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Sunday, January 30, 2005

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ever do a pdf presentation

Tufte's major complaint with PowerPoint is that the information density (words per page) preented is very, very low. PPT almost forces the information presented to be superficial.

Read his books for a better way to preent data. And be careful that what you present will be understood to mean what you intended it to mean.

Brain,

I think is one of those topics were that are strong feels on both sides, rendering it diffuclt to have a dialog in the absence of those feelings.

My experience with such things - CAD systems, business process methods, and the like is that the tool does in fact influence the outcome; it's quality, the very essence and style of the resulting product.

As such PPT is the enabler for a "dumbed down" style of communication. One requiring not only great care and careful management of the items placed into PPT, but also the accompanying presentation words and notes (if any).

As a result PPT enables its poor use by its very nature of being PTT. I know this is not your position, but it is one shared by many how live by PPT in environments where "presentations" are not "given" but rather used a submittal documents in the absence of speakers.

A counter argument is that PPT is "just a tool," and a "fool with a tool" is still a fool. This is too simplistic since none of the cognitive issues enbaling commuication are addressed in this glib response used by many when objections to tools is brought.

PPT "creates" an environment in which the communication channel is restricted by its very use. One amy ask what's the alternative? But that is a red herring, since it is possible to observe and object to the use of a tool without a replacement.

There is much assessment of PPT written beyond Tufte that needs to be pondered before returning to consider the socialogical impacts of such a limited bandwidth paradigm.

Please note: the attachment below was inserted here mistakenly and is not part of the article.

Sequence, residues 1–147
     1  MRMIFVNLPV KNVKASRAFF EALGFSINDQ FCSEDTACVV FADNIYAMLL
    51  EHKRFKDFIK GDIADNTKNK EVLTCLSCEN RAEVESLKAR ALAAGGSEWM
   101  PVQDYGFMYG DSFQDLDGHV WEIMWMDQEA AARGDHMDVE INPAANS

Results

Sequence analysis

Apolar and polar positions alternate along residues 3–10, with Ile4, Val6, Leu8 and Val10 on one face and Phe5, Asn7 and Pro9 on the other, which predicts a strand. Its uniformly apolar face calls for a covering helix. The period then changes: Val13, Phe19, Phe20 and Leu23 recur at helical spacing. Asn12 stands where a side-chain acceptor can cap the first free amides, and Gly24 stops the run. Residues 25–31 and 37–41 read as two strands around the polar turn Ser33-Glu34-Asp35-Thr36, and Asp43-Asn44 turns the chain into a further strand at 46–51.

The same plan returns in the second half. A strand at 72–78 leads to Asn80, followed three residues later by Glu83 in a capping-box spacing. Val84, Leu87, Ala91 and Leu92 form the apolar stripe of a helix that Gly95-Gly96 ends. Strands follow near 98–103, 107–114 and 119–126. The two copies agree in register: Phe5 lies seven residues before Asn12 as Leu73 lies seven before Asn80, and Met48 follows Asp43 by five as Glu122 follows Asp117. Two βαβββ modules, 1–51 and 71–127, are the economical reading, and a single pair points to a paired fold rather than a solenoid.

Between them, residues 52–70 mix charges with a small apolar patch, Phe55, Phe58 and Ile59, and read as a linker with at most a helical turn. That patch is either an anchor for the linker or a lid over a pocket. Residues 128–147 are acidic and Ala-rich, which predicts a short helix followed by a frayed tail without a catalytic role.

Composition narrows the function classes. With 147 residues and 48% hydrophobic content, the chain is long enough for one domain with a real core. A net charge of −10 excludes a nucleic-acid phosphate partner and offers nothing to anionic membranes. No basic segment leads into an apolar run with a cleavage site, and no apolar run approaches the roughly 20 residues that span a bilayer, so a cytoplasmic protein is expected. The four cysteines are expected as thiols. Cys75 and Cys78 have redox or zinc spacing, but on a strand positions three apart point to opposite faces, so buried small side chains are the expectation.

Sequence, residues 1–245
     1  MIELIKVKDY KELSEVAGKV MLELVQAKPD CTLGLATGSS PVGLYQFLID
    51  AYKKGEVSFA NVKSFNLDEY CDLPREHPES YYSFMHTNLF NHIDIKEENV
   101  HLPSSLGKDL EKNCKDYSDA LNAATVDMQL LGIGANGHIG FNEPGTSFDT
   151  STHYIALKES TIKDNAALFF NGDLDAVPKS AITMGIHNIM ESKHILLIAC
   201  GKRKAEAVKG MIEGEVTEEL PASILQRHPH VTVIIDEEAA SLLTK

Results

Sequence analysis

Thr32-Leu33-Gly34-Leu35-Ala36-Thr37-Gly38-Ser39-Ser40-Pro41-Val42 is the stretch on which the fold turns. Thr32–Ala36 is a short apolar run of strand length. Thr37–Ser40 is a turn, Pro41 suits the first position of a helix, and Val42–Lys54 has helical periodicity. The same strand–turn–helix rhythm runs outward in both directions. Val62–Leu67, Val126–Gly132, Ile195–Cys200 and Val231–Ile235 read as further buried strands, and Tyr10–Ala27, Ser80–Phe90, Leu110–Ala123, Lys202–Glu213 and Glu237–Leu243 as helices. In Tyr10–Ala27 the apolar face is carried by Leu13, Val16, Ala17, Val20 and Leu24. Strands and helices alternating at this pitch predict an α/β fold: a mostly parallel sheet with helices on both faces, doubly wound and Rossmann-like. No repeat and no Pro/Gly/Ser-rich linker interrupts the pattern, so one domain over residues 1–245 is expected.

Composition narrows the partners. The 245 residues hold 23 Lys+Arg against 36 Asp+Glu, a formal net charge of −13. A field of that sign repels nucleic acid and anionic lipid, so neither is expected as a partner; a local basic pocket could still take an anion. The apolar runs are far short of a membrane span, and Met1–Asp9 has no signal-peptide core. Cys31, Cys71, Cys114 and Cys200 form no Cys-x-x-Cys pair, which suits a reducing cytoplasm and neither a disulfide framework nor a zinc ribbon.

Brian: It's a good question but the answer will probably vary from person to person. *My* problem with PowerPoint is not the tool itself - the Office 2003 suite is actually quite nice and pretty easy to use. For me, the problem is that PowerPoint has, far too often become a crutch that makes people think all they have to do is jam everything onto slides and then read them to the audience.

That is *not* a presentation but it *is* an insult to most audiences. I can read just fine, thank you very much, and having to sit in a room looking at the back of someone's head as they read what's up on the wall/screen (and usually badly - a sign of little or no preparation) makes me very cranky.

Great presenters user PowerPoint as a guide to what they want to *talk* to the audience about. Tom Peters is a master at this. I've seen/heard of him deliver an entire presentation using a single PowerPoint slide (often with something like "Why?" on the slide).

Now, I'm a recovering graphic designer and still have a bit of the design snob thing in my DNA so take the next rant for what it's worth: putting PowerPoint into most people's hands is the typographic and design equivalent of giving a loaded gun to a child! I think every organization should set some hard and fast rules about how many bullet points are allowed on a slide and how many words (or even characters) are allowed per point.

A great presentation requires the same care and skill as creating a haiku - pare it down until you have the essence. Admittedly haiku can be a bit obtuse so don't hold me to that literally ;^)

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